Commentary: Thank You Dave Patnaude

Patnaude (center) with Shore Dreams supporter Reese Lewis (left) and dedicated Shore Dreams For Kids board member Geralyn Monroe.

Patnaude (center) with Shore Dreams supporter Reese Lewis (left) and dedicated Shore Dreams For Kids board member Geralyn Monroe.

By the time you read this, the annual circus that is Shore Dreams For Kids will be long gone from Seaside Heights, N.J. The event, which provides a day of powerboat rides, food and carnival-style rides for mentally and physically challenged children and adults—and their families—happened last Saturday. Unless the bagged trash hasn’t been picked up, the only signs Shore Dreams was even there will be the trampled grass on the ball field across from the Seaside Heights Municipal Docks.

That’s OK, grass grows back. Shore Dreams For Kids, which isn’t the largest event in the go-fast boating world but is one of the longest-running and most important, is worth it.

In a couple of weeks, the organization’s board of directors will get together for what board president Joe Nasso calls a recap meeting. “We’ll start talking again in September and then get the ball rolling again,” he said.

That ball will roll without Dave Patnaude next year. Patnaude served as board member and the event’s director for the past 11 years. For personal and professional reasons, this was his last year with the organization.

Patnaude’s first love is his daughter, Brianna.

Patnaude’s first love is his daughter, Brianna.

“One of the best decisions we made as a board was forming the junior board of directors,” said Patnaude in a recent article. “That will ensure Shore Dreams continues. And I feel excellent that Shore Dreams is in the hands of Joe Nasso and the rest of the existing board. The event will live on.

“I’ll still help them with whatever they need,” he added. “And I’m looking forward to bringing my own boat next year and giving rides.”

Patnaude is a big (6’8”), gregarious and often ear-drum-rattling guy who did not come with a factory-installed filtration system. (Aftermarket systems are available, but Patnaude has so far shown no interest in them.) The time it takes a thought to escape his lips is measured in nanoseconds. What’s more, while Patnaude doesn’t necessarily crave the spotlight, he’s comfortable in it.

During his 11 years as director of Shore Dreams For Kids, that reportedly rankled a few board members and other volunteers who believed Patnaude was getting too much credit at their expense. But from the perspective of a seasoned media guy, which makes me about as popular as a seasoned attorney, I can say without hesitation that Patnaude was the perfect front man for Shore Dreams, much in the same way Marc Granet is the perfect front man for the Miss GEICO offshore racing team.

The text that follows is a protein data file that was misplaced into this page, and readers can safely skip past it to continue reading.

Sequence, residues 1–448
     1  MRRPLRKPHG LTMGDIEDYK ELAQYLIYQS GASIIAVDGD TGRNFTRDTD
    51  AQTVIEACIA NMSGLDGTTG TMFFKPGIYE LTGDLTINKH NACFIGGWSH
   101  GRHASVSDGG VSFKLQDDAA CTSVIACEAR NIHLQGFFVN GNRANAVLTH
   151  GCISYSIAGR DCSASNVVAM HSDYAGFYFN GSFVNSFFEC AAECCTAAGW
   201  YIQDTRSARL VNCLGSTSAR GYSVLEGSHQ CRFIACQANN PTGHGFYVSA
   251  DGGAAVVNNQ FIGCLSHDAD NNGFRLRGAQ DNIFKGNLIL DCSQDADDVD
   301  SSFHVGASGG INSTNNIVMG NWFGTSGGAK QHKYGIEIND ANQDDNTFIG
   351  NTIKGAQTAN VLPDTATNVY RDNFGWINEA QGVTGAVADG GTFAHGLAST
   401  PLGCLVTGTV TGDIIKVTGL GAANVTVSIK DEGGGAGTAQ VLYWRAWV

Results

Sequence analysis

The recent 2014 Shore Dreams For Kids event is Patnaude’s last as director. Photo by Tim Sharkey. (

The recent 2014 Shore Dreams For Kids event is Patnaude’s last as director. Photo by Tim Sharkey.

Patnaude never waited for the media to reach out to him regarding Shore Dreams—he was proactive. Media guys can only make so many phone calls in a day. They can only know about what they know about. Patnaude understood that, and he made sure this media guy knew about Shore Dreams. In the many interviews I did with him, he always credited others, from the board of directors to the volunteers, for the success of the event. His heart was much bigger than his mouth.

Last year, in the wake of Hurricane Sandy, which left the New Jersey Shore in shambles, Shore Dreams was on the brink of being canceled thanks to an economic shortfall. Patnaude picked up the phone and called me. I wrote a story about it that appeared on Within two weeks, an anonymous benefactor who read the story stroked a check so Shore Dreams For Kids could continue.

You could look at that as “the power of the media” and I wouldn’t argue, but I prefer to view it another way. I see it as “the power of a person reaching out to the media,” and that was something Patnaude understood and wasn’t shy about doing. And I was always, always grateful for it.

Next year, Patnaude will give boat rides at Shore Dreams For Kids. His duties will be limited to providing a good, safe ride for his passengers. Whoever assumes his director role—an up-and-coming junior Shore Dreams board member I’m told—will have big shoes to fill.

And that’s not just because Patnaude wears a size 13 loafer.


Matt Trulio is an award-winning journalist who has covered the high-performance powerboat world since 1995. He wrote for Powerboat magazine for 17 years and was the magazine’s editor at large until it ceased publication in 2011. Trulio is the founder, editor-in-chief and publisher of, a daily news site that covers the high-performance powerboat realm. He’s also the former editor of Sportboat magazine.



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